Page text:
NAIROBI, Kenya, May 29 – Normal water supply has been restored in Nairobi following completion of repair works to the transmission pipelines conveying treated water from Sasumua dam to the Kabete reservoirs.,
Damages to the two pipelines occurred early this month due to a landslide within Gakoe Forest that broke the pipes.
Speaking to journalists on Tuesday, Athi Water Services Board Chairman Reuben Ndolo said the repair of the pipeline would facilitate the combined supply of 48,000 cubic metres of water to city residents.
“I would like to inform the water consumers within Nairobi and the surrounding areas, that the water supply has resumed and that upper parts of the city have started getting water because as far as we know, the water supply has been restored,” he stated.
Ndolo pointed out that the major works undertaken to restore normal supply include the clearing of debris, installation of gabions and replacement of the damaged sections of the pipelines.
“Following our earlier notice of interruption of supply, we now confirm that repairs have been completed and normal supply restored to Kabete reservoirs and onwards,” he said.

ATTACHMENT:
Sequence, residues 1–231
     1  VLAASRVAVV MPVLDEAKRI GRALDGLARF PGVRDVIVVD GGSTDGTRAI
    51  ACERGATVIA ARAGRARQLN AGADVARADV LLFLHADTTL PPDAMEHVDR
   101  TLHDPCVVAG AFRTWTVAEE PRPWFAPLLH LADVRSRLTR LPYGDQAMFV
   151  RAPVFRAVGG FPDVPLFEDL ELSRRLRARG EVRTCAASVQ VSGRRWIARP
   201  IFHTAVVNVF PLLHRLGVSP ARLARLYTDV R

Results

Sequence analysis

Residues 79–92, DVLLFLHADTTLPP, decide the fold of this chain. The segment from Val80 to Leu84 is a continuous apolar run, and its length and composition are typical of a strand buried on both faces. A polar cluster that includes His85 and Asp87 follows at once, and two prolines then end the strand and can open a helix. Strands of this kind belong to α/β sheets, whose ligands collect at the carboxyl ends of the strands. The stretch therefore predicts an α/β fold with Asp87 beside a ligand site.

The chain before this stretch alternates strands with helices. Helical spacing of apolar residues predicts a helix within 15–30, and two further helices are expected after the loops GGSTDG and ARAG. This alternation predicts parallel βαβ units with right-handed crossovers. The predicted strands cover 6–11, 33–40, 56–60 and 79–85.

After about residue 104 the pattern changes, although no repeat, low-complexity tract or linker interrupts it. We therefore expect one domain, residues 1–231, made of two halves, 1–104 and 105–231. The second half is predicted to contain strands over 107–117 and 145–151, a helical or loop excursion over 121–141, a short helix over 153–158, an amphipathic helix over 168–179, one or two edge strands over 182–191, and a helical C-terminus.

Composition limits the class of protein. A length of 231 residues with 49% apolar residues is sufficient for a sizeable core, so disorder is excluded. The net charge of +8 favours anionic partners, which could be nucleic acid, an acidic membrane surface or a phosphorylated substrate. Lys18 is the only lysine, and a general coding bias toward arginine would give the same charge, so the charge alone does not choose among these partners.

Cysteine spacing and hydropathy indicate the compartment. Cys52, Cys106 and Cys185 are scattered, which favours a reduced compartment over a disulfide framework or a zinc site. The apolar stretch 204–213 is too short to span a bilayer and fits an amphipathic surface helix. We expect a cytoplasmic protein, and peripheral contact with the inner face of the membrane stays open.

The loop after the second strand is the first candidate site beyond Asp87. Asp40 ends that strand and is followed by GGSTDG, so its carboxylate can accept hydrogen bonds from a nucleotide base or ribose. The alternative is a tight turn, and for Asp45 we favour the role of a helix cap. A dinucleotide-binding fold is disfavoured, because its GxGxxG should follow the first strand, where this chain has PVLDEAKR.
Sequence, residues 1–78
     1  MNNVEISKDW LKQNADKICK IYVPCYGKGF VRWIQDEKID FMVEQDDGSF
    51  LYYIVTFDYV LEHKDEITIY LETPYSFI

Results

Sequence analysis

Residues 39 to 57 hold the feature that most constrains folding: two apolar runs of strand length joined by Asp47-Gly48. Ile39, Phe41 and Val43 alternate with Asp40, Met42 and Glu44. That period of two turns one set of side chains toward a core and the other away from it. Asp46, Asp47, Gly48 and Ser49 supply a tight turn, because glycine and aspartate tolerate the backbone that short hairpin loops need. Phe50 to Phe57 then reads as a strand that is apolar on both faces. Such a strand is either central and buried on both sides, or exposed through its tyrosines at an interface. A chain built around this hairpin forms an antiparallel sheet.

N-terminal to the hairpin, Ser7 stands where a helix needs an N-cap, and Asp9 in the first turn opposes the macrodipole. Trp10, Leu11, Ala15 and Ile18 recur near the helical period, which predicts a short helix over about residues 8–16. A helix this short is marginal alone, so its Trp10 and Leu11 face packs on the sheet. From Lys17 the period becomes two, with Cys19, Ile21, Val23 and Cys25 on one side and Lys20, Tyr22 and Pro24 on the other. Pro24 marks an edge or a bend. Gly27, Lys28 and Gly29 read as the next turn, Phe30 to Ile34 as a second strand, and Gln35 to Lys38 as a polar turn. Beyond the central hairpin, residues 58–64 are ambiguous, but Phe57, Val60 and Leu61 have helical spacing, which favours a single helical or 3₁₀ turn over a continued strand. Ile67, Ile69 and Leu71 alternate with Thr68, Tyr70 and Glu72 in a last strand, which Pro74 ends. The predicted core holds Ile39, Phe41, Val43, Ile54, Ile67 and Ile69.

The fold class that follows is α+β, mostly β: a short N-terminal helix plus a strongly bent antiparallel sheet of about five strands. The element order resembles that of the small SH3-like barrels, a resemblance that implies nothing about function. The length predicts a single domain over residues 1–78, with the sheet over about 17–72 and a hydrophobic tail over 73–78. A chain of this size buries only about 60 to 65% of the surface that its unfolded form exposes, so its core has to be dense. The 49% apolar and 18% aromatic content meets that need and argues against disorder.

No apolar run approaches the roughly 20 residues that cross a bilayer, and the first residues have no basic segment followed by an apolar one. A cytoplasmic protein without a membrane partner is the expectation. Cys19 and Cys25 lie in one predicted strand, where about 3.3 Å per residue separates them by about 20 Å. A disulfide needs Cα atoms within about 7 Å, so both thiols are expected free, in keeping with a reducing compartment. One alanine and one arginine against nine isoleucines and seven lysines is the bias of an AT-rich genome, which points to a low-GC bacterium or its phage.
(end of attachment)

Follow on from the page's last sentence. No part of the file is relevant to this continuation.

Nairobi City Water and Sewerage Company (NCWSC) Managing Director Philip Gichuki said they have positioned the two pipelines at a lower level in a bid to prevent any future occurrences.
“Among the things that we have been asked by our licensee that is Athi Water Services Board is to assist in auditing all those pipelines and look at all the areas that are likely t have such occurrences then we document and work on them so as to minimize such incidences,” he said.
Raging floods in Gakoe forest washed away the main pipeline from Sasumua dam cutting off water supply to the western and southern parts of Nairobi.
The affected line is 24 inches in diameter and supplies about 10 per cent of the total production capacity for the city.
Sasumua Dam, the second largest in the country, was built 50 years ago and supplies two-thirds of the water to the Kabete reservoir on Nairobi’s western suburbs, from where it is distributed to the city.
The dam pumps 60 million litres of water every day and is normally capable of sustaining sections of the city for at least three months.